Talking of interesting characters hanging out in bars, the album’s other humorous song is full of them. “Meat Draw” has some gentle fun with the characters assembling for the weekly meat draw at the weekend. The styling is early Johnny Cash again with banjo and resonator solos towards the end; it’s great fun.

As a change of direction and emphasis, “Long Haul” works perfectly. John Wort Hannam (with a lot of support from multi-instrumentalist Steve Dawson) has proven to himself and the rest of us that his daily life can become the subject of memorable songs.

“Long Haul” is out now on Black Hen Music (BHCD0095).

Here’s the video for “Beautiful Mess”:

Ian Siegal at the Foxlowe Arts Centre, Leek. Photo by Allan McKay (@allan_mainlygigpics)

Some time in the early nineties our Northern correspondent, Steve Jenner, was working in local radio in Nottingham. He interviewed a young blues guitar player and singer named Ian Siegal shortly before Ian set off for London as the next step in his career while Steve built up a local radio empire in Derbyshire and the Peak District. Flash forward nearly thirty years to the Foxlowe Arts Centre in Leek (Staffordshire, not the Netherlands) and the two are in front of a microphone again before Ian plays a Saturday night headline gig at the Leek Blues and Americana Festival.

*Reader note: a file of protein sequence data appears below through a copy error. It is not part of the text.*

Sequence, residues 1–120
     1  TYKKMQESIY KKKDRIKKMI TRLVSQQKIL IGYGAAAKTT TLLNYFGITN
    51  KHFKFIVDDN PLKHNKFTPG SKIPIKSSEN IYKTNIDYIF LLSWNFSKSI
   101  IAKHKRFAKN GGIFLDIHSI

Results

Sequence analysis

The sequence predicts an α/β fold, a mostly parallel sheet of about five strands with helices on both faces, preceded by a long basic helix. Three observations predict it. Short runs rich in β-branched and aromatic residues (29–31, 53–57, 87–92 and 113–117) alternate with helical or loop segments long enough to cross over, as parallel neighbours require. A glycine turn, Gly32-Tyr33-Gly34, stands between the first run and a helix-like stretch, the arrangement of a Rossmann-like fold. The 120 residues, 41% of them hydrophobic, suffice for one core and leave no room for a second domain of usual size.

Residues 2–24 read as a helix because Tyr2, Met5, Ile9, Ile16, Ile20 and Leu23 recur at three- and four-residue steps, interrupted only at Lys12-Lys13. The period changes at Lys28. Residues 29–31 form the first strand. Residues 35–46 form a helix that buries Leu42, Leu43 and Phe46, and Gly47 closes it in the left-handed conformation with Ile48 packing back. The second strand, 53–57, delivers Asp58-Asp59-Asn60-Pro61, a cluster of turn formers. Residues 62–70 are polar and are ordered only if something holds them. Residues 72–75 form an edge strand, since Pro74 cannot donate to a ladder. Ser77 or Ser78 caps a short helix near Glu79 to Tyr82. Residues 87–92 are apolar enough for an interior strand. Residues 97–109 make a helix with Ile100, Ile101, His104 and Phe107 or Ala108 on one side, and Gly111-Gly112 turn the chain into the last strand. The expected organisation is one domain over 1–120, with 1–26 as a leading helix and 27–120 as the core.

So, what’s Ian been up to during that time? No spoilers, you’ll have to listen to the interview to find out. Let’s just say that Ian has a story or two to tell:

Steve Jenner and Ian Siegal at Foxlowe Arts Centre, 02/10/21

There’s no denying the musical lineage of “Mercury Transit”. The melodic style and chiming guitars go all the way back to the Merseybeat scene of the early sixties and the songs have more than their fair share of the sus4 and sus2 chords that characterise that particular era. Taylor Young certainly isn’t the first and probably won’t be the last to be influenced by this purple patch in British pop history; the thread runs through the work of The Byrds, Alex Chilton, Flaming Groovies, Tom Petty, The Pretenders, The La’s and Teenage Fanclub and probably many more. Taylor’s in pretty good company there.